In that thermionic converters require a substantial temperature differential between the hot emitter and the cold collector, it is seen that the remarkable heat transfer rate, with very small temperature gradient associated with the heat pipe permits the efficient operation of this device.
Likewise, heat pipes 18 and 19 shown in FIG. 1 are partially inserted in the moderator and reflector of reactor 10 to extract heat generated in them in a manner set forth as above. With the utilization of cesium as a carrier medium for heat pipes 18 and 19 an operating temperature of 500 C. is achieved.
Due to the physical properties of the heat pipe, heat extraction takes place with extremely small temperature drop. Especially it eliminates conventional coolant circulation system, which is complicated, power consuming, and neutron absorbing. For utilization of the reactor on earth, the reactor is preferably operated with the heat pipes horizontally mounted. If the free portions of the heat pipes are curved upwards, the reflux of the condensate is aided by gravity. As may be seen from the figures, the heat pipes above and below the reactor 10 have ditferent lengths. By this means, first a spatial configuration is achieved, which is particularly advantageous for incorporation of the invention in rockets. Second, favorable conditions for heat radiation are achieved. Third, the parallel arrangement of the heat pipes accommodates test runs of the reactor under conditions of gravity as already pointed out above.
It will be understood that various changes in the details, such as vapor-plating the emitter electrode 31 with an electron emitting layer, or introducing cesium between the emitter and collector electrode, or utilizing the front face of heat pipe 17 directly as the emitting electrode; steps and arrangement of parts, which have herein been described and illustrated in order to explain the nature of the invention may be made by those skilled in the art within the principle and scope of the invention as expressed in the appended claims.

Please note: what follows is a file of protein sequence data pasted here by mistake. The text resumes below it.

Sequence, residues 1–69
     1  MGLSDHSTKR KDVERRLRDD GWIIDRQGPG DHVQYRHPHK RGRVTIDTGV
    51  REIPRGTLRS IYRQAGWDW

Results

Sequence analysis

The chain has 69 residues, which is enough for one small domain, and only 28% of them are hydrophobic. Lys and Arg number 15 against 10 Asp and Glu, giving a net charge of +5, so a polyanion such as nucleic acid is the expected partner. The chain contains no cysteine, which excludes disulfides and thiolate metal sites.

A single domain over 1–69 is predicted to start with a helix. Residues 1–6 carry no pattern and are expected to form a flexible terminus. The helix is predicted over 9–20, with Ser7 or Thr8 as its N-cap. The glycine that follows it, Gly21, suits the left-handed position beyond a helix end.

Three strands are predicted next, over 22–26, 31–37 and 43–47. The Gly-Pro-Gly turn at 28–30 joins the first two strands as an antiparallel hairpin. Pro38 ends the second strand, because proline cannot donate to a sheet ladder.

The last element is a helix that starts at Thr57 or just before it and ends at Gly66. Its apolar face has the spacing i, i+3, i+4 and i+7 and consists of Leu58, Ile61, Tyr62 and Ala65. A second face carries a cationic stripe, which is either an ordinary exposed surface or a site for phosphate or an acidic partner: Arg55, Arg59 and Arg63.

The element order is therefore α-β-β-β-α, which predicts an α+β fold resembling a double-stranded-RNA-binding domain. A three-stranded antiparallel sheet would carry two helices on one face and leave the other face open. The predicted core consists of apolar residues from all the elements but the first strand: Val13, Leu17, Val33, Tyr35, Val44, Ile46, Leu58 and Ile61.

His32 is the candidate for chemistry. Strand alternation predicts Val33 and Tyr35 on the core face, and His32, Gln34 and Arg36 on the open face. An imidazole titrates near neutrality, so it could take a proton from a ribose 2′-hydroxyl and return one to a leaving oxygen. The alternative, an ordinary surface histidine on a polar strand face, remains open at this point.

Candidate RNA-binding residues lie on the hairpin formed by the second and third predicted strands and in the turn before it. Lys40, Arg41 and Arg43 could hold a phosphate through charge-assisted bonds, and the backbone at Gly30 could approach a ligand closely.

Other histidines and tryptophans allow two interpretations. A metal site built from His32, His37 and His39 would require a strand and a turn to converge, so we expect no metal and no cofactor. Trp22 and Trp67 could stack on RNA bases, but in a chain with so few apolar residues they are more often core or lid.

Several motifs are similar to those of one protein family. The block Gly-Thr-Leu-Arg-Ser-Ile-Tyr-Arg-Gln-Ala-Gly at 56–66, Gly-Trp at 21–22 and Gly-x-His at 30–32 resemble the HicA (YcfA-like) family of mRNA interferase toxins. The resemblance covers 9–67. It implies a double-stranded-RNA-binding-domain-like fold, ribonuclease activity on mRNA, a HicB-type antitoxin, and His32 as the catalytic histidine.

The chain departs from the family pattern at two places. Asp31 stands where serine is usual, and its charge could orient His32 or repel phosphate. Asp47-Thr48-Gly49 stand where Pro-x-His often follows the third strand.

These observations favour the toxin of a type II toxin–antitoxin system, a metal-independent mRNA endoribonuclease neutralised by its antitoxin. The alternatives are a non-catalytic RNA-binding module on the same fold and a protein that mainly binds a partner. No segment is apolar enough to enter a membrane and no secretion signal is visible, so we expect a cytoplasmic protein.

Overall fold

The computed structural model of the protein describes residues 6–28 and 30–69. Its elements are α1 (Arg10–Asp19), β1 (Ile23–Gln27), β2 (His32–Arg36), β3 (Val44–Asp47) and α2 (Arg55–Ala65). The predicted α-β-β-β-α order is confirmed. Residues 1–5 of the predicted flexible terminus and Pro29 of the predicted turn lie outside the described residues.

What is claimed is:
1. In a nuclear reactor core having fissile fuel and a moderator, a heat extraction system comprising:
a first heat pipe having one end interior to the reactor core and thermally coupled to the fissile fuel and being heated thereby, the other end being exterior to the core;
a nemitter electrode thermally coupled to the end of said first heat pipe which is exterior to the core;
a collector electrode electrically isolated from said emitter electrode and disposed so as to collect electrons emitted from said emitter electrode;
a second heat pipe, one end of which is thermally coupled to said collector electrode and heated thereby and the other end of which is disposed for heat rejection by radiation;
a third heat pipe having one end interior to the reactor core and thermally coupled to the moderator and heated thereby the other end being exterior to the reactor core for heat rejection by radiation;
a condensible vapor disposed within each of said first second and third heat pipes;
capillary means covering the entire inner surfaces of said first, second and third heat pipes for causing the transport of said condensible vapor within each respective heat pipe from the pipes unheated end to its heated end whereby heat is extracted from the reactor.
2. A heat extraction system according to claim 1 wherein the condensible vapor is silver.
3. A heat extraction system according to claim 1 wherein the condensible vapor in the second heat pipe is lithium.
4. A heat extraction system according to claim 1 wherein there is a plurality of first, second and third heat pipes each lined with capillary means and each having therein a condensible vapor; and, there is a plurality of collector and emitter electrodes corresponding to the number of first and second heat pipes.
References Cited by the Examiner UNITED STATES PATENTS 3,229,759 1/1964 Grover 62-487 X 3,243,613 3/1966 Grover 176-39 X FOREIGN PATENTS 1,147,218 6/1957 France.
REUBEN EPSTEIN, Primary Examiner.